KAYLAN | Brighton, CO

I let him know that he had my love and support when he was ready to get treatment.

I am Kaylan. My husband, Timothy, was a paratrooper in Iraq, and he was overprescribed opioids by his Army doctors after knee surgery. The opioids helped with the physical pain, but he continued taking the pills because they also numbed his emotional pain. It got so bad that he needed to take them just to get out of bed.
For so long, I was only focused on helping him with his opioid addiction, but at some point, I realised that I needed to prioritise taking care of myself and our daughter. So, I took her and moved in with my parents, but I let him know that he had my love and support when he was ready to get treatment.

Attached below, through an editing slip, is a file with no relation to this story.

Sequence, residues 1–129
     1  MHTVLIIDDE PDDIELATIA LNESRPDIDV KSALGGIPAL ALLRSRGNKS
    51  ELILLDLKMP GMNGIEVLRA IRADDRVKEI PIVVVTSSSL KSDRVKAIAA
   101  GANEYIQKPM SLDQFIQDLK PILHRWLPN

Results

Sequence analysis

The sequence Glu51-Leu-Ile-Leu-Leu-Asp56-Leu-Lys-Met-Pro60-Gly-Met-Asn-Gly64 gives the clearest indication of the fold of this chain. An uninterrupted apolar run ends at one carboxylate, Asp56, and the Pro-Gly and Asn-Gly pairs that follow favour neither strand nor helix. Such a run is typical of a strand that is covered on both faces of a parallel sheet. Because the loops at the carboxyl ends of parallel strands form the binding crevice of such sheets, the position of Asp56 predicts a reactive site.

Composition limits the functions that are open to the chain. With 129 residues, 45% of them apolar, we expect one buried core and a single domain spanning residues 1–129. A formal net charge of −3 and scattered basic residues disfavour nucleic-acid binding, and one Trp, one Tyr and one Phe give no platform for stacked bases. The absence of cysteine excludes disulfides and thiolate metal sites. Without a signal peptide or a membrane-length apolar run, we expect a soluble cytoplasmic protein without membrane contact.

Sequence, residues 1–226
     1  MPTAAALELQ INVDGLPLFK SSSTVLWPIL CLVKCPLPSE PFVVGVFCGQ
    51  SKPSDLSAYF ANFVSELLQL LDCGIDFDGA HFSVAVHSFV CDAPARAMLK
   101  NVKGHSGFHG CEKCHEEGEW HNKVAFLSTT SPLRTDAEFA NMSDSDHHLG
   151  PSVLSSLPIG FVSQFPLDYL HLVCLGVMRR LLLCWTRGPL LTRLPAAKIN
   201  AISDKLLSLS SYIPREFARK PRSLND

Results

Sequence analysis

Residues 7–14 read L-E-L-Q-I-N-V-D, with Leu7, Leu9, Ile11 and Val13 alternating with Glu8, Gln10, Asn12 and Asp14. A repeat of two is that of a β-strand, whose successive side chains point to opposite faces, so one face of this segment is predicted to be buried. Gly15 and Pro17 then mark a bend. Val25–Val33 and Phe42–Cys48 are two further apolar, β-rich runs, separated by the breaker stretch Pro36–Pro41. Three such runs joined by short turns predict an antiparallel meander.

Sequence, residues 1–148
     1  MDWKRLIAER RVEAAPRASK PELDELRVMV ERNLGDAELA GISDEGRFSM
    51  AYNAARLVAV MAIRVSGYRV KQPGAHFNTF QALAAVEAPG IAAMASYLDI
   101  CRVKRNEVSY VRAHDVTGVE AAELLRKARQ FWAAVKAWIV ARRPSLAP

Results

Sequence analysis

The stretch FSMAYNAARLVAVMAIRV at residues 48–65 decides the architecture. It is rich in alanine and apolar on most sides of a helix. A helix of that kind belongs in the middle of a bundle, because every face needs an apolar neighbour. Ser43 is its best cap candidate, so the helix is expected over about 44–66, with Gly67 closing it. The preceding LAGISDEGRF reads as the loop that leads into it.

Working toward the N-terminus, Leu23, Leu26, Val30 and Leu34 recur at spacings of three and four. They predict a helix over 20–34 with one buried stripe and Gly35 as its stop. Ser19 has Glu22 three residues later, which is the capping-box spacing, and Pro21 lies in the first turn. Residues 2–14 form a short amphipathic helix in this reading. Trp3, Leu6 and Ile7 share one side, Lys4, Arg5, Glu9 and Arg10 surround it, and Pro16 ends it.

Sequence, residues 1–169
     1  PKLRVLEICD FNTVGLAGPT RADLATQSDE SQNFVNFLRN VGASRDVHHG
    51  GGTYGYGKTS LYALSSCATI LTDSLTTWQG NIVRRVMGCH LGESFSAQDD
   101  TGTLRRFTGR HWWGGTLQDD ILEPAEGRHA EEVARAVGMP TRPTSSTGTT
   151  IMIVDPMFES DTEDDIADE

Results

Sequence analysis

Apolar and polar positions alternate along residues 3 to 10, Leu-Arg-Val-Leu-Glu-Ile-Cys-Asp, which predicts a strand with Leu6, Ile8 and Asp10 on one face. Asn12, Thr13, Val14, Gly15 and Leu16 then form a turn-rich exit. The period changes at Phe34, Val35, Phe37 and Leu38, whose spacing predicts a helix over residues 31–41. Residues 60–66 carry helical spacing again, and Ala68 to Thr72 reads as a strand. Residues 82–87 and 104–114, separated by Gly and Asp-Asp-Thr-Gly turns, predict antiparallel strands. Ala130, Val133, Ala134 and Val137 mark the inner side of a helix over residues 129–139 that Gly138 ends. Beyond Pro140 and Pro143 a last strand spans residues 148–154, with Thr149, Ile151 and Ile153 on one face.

One day he called me, out of opioids and in terrible pain from withdrawal, and told me he was considering suicide. I got him admitted to the VA hospital, and he was put on a treatment plan that combined Suboxone with outpatient therapy. During his recovery, we both joined support groups at our church, where we have a shame-free support system and now know that we are not alone. The support groups at our church have been an incredible source of strength for both of us. We have met others who have battled addiction and come out on the other side, living proof that recovery is possible. Sharing our stories and experiences with people who truly understand has been cathartic and empowering. It has helped us realize that we are not defined by our past mistakes, but rather by our courage and determination to rebuild our lives. Together, we have found solace in the company of others who have faced similar struggles, and we have formed deep connections that provide unwavering support on this journey to recovery